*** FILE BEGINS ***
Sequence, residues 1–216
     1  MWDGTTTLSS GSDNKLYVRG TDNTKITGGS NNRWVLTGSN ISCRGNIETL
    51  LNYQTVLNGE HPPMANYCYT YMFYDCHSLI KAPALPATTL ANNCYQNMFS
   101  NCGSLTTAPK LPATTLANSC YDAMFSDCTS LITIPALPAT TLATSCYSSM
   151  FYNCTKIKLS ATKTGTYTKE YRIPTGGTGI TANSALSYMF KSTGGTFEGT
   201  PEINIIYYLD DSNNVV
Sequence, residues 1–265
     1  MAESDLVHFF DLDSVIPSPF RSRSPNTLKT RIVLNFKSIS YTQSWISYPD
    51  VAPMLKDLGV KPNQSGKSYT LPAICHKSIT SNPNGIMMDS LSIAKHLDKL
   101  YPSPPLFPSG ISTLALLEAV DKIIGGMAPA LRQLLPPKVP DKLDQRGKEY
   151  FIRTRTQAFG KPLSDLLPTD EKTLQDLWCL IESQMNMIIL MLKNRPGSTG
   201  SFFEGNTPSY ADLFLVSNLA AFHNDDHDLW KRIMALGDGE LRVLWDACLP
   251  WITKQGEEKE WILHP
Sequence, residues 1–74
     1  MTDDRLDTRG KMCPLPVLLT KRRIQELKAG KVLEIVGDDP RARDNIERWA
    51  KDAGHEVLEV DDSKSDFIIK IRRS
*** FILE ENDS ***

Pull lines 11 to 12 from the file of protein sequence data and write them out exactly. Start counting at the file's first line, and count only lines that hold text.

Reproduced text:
   151  FIRTRTQAFG KPLSDLLPTD EKTLQDLWCL IESQMNMIIL MLKNRPGSTG
   201  SFFEGNTPSY ADLFLVSNLA AFHNDDHDLW KRIMALGDGE LRVLWDACLP